FDA Regulation of Tobacco: What Does it Mean?

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On Friday 12th June, the US Senate voted in favor of a bill that gives the Food and Drug Administration the power to regulate tobacco products. President Obama (who as a Senator was a sponsor of the bill, as was John McCain) has indicated he will sign the bill into law.

Public health advocates have been fighting for FDA regulation of tobacco for over 15 years. However, not every public health advocate has supported this particular piece of legislation, and the fact that Philip Morris Tobacco Company supported it caused many to have doubts. But now that the bill is finally going to be law, what will it mean? As a guide to this, I’d recommend that you read the slides from a paper by Mitch Zeller at the recent Virginia Youth Tobacco Conference. Much of this post is adapted from his slides. These outline the key parts of the bill and what they mean in some detail and are worth a careful read, (Mitch Zeller is the former Associate Commissioner and Director of the Office of Tobacco Programs at the Food and Drug Administration). Download his slides from:
http://www.vcu.edu/idas/VYTP%202009%20Presentations1.html

The bill does not require FDA to regulate tobacco exactly the same way it does pharmaceuticals (drugs and devices), partly because it would be impossible for any tobacco product to demonstrate that it is safe and effective for its purpose. So instead the legislation creates a new, parallel set of rules and procedures just for tobacco, but using much of the same regulatory framework that was created for drugs. The new standard around which the tobacco bill is based is THE PROTECTION OF PUBLIC HEALTH.

-Section 904 mandates that FDA will receive brand-specific information on ingredients, nicotine delivery, and any smoke constituent FDA identifies as harmful or potentially harmful

- Companies must also provide FDA with all documents developed after the bill is enacted related to health, toxicological, behavioral, or physiologic effects of current or future products.

- FDA also has the right to request any such industry document produced prior to the enactment of this law.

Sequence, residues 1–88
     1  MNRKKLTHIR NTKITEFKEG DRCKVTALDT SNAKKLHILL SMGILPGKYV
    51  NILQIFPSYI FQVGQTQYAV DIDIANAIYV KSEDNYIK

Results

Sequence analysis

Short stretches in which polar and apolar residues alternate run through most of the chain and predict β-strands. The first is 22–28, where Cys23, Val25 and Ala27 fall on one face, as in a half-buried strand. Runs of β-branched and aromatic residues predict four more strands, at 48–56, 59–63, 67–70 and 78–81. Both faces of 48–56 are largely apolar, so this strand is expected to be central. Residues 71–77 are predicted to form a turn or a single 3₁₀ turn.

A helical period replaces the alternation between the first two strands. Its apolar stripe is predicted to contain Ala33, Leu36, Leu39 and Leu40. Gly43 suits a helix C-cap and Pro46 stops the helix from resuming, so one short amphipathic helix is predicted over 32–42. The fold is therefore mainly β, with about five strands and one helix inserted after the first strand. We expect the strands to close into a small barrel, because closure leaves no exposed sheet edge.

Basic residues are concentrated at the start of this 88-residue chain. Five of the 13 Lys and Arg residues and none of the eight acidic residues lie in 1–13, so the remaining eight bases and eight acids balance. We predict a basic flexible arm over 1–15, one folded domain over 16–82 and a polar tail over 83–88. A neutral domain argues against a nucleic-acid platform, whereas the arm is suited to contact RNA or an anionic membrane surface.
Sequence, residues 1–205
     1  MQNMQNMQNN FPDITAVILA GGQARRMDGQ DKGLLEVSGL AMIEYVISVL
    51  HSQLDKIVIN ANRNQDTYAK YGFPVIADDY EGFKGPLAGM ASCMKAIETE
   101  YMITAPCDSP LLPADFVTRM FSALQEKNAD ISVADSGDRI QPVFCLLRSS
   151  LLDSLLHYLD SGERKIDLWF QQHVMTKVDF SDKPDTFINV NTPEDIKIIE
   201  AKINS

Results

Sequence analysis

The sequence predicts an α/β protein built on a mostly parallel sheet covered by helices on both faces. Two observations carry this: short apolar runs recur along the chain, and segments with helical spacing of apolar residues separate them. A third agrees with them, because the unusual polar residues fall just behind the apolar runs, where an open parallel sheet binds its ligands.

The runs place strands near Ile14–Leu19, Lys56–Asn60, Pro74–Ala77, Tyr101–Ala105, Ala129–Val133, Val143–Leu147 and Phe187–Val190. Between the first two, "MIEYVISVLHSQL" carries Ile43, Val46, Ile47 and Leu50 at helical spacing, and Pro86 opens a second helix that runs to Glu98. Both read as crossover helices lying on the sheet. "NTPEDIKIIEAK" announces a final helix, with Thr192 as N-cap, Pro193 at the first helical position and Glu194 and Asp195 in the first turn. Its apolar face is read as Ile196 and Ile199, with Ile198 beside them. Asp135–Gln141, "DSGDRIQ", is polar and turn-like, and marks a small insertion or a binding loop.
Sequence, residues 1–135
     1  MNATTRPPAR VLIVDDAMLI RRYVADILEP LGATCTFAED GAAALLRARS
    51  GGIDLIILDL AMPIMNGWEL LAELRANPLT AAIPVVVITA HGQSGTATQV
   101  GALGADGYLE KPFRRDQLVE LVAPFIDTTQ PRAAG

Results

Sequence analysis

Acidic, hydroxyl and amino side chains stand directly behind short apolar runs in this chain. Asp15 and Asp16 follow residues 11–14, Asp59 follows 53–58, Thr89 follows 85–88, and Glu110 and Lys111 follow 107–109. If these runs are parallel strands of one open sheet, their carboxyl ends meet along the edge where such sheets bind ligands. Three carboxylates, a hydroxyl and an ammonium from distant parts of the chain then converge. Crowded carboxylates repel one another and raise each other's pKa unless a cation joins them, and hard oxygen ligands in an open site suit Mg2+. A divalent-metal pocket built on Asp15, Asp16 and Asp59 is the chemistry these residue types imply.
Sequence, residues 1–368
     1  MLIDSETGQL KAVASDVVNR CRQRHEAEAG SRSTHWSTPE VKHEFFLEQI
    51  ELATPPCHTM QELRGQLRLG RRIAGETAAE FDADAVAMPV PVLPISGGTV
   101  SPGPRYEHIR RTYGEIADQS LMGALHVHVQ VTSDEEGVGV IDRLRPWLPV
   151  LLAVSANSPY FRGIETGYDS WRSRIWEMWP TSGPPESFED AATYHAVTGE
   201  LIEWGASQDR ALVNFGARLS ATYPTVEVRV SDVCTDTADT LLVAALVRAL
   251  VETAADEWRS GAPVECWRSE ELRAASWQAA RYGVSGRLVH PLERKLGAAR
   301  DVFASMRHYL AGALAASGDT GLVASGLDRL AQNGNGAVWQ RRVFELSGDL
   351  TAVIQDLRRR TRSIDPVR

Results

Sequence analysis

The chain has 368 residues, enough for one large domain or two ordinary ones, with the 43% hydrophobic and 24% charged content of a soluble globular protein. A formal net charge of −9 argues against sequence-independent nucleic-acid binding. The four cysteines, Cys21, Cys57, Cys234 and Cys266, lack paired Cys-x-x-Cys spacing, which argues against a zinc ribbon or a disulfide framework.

- FDA can issue performance standards to prohibit or limit the allowable levels of substances in a finished tobacco product. FDA is granted this power in section 907. Products that don’t comply with the levels established in product standards can’t be sold.
- Nicotine cannot be banned but it can be reduced to very low levels.
- FDA needs to have supporting science to back up any standards it requires, or any ingredients it wants banned.

Clearly the tobacco product standards are going to be a key part of regulation of tobacco. Here’s what the bill says on these:

TOBACCO PRODUCT STANDARDS.—The Secretary may adopt tobacco product standards…if the Secretary finds that a tobacco product standard is appropriate for the protection of the public health. This finding shall be determined with respect to the risks and benefits to the population as a whole, including users and non-users of the tobacco product, and taking into account—
(A) the increased or decreased likelihood that existing users of tobacco products will stop using such products; and
(B) the increased or decreased likelihood that those who do not use tobacco products will start using such products.

Note that a component of a tobacco product may be banned if it is decided that it “may be harmful”. Thus absolute certainty and proof is not the standard required.

However, there are also provisions that appear to be designed to protect the industry from inappropriate standards, and some have argued that these open up a Pandora’s Box of potential legal appeals over key issues. For example, the required change to a tobacco product must be technically achievable, and must not create an increased demand for contraband or counterfeit products that do not meet the required standard. So for example if it was decided that no cigarette could contain more than 0.1mg of nicotine, the industry lawyers may appeal on numerous grounds, including that it is not technically feasible and it would create a demand for black market normal nicotine cigarettes.

•Any product (even if only test-marketed) or product modification that was introduced after February 15, 2007 is considered a new product that must be evaluated by FDA.